Imagine getting ready for work and having to change clothes before you even leave the house because you've already sweated through your first shirt. After carefully padding the armpits of the new shirt to try to prevent sweat from drenching it, you make sure to bring a few spares so you can change later in the day. Breakfast proves to be a challenge when the warm mug keeps slipping from your sweaty palms, and keeping a grip on your fork is a challenge. You're relieved you didn't accept the breakfast invitation from your co-workers -- this ordeal is unbearable in front of other people.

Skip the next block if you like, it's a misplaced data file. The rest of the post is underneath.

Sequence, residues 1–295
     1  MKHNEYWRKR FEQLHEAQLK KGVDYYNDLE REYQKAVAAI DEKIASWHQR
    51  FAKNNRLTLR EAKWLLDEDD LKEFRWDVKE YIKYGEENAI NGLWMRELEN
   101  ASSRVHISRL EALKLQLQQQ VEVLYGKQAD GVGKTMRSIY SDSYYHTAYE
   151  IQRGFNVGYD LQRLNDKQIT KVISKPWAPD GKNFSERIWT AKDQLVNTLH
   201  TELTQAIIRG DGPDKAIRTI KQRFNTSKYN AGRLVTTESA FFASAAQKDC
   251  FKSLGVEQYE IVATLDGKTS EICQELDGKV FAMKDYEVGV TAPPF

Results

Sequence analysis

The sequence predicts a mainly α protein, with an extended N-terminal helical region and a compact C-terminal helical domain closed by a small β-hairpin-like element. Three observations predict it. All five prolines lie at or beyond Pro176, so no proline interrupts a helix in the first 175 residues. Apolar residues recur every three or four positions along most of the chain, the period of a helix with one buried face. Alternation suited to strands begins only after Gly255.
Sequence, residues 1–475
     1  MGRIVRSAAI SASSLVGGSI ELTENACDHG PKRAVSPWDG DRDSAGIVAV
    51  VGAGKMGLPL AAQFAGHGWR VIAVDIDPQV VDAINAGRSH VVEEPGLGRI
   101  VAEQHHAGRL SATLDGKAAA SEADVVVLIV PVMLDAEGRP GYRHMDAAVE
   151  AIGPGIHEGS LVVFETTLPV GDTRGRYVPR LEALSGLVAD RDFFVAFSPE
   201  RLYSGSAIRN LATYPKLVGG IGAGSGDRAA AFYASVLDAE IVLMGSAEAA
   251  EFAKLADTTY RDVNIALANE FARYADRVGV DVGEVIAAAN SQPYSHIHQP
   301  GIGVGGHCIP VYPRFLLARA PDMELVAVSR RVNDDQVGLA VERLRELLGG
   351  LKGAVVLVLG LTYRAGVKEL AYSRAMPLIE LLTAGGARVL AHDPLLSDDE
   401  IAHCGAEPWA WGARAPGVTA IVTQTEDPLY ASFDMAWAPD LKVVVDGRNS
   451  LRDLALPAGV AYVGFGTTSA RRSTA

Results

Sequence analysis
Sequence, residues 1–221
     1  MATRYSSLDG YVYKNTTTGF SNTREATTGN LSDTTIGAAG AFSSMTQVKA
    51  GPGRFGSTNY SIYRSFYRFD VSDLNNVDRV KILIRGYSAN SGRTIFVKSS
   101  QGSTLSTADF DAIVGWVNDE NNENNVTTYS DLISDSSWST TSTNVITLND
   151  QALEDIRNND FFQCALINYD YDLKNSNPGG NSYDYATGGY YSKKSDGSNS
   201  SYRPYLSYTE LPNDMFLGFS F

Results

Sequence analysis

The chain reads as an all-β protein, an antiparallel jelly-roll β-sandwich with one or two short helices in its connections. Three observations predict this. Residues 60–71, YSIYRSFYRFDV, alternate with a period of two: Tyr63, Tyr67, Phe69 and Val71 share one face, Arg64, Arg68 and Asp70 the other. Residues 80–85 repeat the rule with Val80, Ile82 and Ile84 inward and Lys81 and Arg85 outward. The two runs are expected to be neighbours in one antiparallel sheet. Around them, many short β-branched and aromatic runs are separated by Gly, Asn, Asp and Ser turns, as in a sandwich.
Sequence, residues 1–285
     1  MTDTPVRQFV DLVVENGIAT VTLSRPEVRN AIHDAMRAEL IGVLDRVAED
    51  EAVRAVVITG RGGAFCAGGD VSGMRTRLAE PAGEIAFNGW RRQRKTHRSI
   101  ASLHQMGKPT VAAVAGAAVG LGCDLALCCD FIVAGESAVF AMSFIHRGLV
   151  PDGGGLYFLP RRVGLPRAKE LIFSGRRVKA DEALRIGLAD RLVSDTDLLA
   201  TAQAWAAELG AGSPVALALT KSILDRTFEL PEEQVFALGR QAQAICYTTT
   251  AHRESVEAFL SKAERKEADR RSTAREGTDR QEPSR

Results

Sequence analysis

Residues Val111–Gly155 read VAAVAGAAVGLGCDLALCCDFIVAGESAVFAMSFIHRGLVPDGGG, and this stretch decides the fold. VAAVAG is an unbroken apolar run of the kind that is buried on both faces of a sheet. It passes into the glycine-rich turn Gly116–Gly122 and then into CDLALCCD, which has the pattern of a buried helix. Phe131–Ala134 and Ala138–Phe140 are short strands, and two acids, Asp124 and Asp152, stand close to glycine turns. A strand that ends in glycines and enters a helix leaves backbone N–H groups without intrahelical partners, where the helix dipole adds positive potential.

Your sweaty hands make it difficult to grip the steering wheel, so you must drive extra cautiously. By the time you arrive at work, your socks and shoes are soaked with sweat. And so, sitting down at your desk, you sigh and begin the struggle of getting through another day.
Hyperhidrosis, also called diaphoresis, involves extreme or excessive sweating. People with this condition may sweat at levels four or five times what most people experience. These levels are far beyond what is considered normal or necessary for the body to keep cool.
This condition can take several forms, and it varies in severity from person to person. So let's take a closer look at who gets hyperhidrosis and what that means.